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About Sunflower wax and Rice Bran wax

How often do you stumble on a cosmetic formulation which calls for waxes, and specifically calls for "beeswax"? Pretty often would be my guess as beeswax has been used for 1000's of years in all kinds of cosmetics and skin care products.

Take a little break and...

Close your eyes and imagine an ancient Egyptian sold perfume unguent of sweet smelling beeswax infused with cinnamon, rose and iris.

Nice, right? But when do our poor little worker-bee-buddies get a break? The answer is when you switch to a vegan substitute for beeswax: In this blog post we are showcasing our Sunflower Wax and Rice Bran Wax!

About Waxes in Cosmetics: 

If you are a cosmetic formulator, you are going to eventually use waxes in your formulation. Waxes generally have these qualities (though there are some exceptions):

  1. Hydrophobic (they resist water)
  2. Solid at room temperature; liquid at their melt point
  3. They don't dissolve in water
  4. They can dissolve in other liquids
Reasons we use waxes vary, but could include:
  1. They help to bind things together
  2. They add strength and structure to the formula
  3. They offer wear resistance (harder to rub off) as well as water resistance (harder to sweat off)
About Beeswax

When you are formulating with waxes, you want your product to be strong enough to not break, and have a high enough melt point that the product doesn't melt in a purse or glove compartment. But on the flip side, you can't have it be so hard that when you rub it against your skin no color comes off, or the product drags and skips.

Finding a right balance for these problems is one reason Beeswax is commonly used in cosmetics. Beeswax has a lovely plastic quality to it. If you have some, try squishing it between your fingers and you will sense a little "give".

Comparing Beeswax to Sunflower and Rice Bran wax shows us that they are kind of similar, but a little different. 

Making the switchout

The main thing to focus on when you switch out a vegetable wax for beeswax in a formula is the melt point. It should be similar. As Sunflower and Rice Bran wax both have a somewhat higher melt point than beeswax, you may get a harder product at the end, so you will probably reduce the amount of wax in your formula (easiest solution) or add in softening elements such as more oil, or a soft at room temperature cosmetic butter.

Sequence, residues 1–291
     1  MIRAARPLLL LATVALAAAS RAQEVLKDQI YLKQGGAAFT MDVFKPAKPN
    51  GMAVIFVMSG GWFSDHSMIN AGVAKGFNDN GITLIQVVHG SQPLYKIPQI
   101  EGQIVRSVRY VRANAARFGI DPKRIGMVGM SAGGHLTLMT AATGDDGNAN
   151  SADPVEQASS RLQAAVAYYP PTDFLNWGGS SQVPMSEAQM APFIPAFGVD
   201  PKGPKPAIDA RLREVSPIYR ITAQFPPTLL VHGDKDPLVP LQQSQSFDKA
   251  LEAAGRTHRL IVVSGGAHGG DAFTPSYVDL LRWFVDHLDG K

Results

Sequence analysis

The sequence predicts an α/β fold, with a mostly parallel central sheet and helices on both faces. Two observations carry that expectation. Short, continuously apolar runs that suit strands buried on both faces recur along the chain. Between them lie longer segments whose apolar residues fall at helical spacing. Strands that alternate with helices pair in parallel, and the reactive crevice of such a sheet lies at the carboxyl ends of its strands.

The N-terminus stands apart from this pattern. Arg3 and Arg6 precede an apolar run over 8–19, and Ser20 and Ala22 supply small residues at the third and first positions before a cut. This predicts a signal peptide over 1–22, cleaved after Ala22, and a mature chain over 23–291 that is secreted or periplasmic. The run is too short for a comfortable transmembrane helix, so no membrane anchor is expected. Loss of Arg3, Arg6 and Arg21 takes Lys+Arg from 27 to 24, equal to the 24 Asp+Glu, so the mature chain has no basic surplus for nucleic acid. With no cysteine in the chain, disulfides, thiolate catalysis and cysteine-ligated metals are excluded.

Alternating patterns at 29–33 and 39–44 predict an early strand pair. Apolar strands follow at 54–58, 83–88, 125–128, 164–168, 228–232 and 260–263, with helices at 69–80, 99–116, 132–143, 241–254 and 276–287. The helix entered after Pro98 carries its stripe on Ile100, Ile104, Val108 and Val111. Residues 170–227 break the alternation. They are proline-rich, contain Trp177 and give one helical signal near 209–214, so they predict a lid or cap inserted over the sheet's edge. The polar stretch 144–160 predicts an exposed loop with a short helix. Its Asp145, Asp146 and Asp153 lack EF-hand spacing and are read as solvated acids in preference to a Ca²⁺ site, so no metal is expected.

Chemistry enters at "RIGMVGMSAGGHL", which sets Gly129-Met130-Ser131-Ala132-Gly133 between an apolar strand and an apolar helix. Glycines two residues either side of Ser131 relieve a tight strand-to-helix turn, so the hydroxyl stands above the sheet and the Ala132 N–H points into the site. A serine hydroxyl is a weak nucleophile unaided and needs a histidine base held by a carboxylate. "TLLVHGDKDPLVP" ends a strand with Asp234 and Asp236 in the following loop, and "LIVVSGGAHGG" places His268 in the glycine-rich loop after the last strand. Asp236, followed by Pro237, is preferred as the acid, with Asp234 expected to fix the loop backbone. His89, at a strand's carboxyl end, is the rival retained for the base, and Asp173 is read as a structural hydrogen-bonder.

Time for recipes!

Here is a recipe created by our customer Pam:

Pam's Shimmer Lip Balm Using Sunflower Wax


1) Measure Phase A and place into a melter bowl or 1 cup Pyrex measuring cup (or double vessel)
2)Measure out Phase B. Use a colored mica of your choice

3)Melt/Heat products and bring to an equal or similar temperature. (77C)
- If you use a boiler vessel: Place Phase A in vessel and while it's melting hold phase B in the double water, constantly stirring with thermometer until temperature is 77C

4)Pour Phase B into Phase A. Stir well

5) Add Phase C (I use a siposable pipette) Stir well . Pour into mold

*The mica we used in the pictures is "Blaze". You can find it here*
Note: You want to heat the oil so that it doesn't shock the wax when you add it.

Here is another one that we found on the internet:

  • 3/4 teaspoon sunflower wax
  • 1/2 tablespoon shea butter
  • 1 1/2 tablespoon sunflower oil
  • 1/4 teaspoon castor oil

Previous article Increase Lip Gloss wear-resistance with new Citrine Clear Wax


Kaila Westerman - September 27, 2022

Hi Lisa, our Lauryl Laurate is sold at “room temp” but melts to a liquid at skin temp. If I was going to tweak the melt point of a solid perfume, I’d consider using this natural product.

Lisa - September 27, 2022

Thanks so much for this article! I’m ordering waxes to make an unscented solid perfume base. I’d like it to have the capacity to take on a pretty heavy fragrance percentage (still working that out!) I’m going to order the sunflower wax and the rice bran wax to test them both. Are there any other waxes I should order to try? I need the end product hard enough not to melt in shipping, but not so hard that the scent gets ‘trapped’…if that makes sense. Thanks so much for your help.

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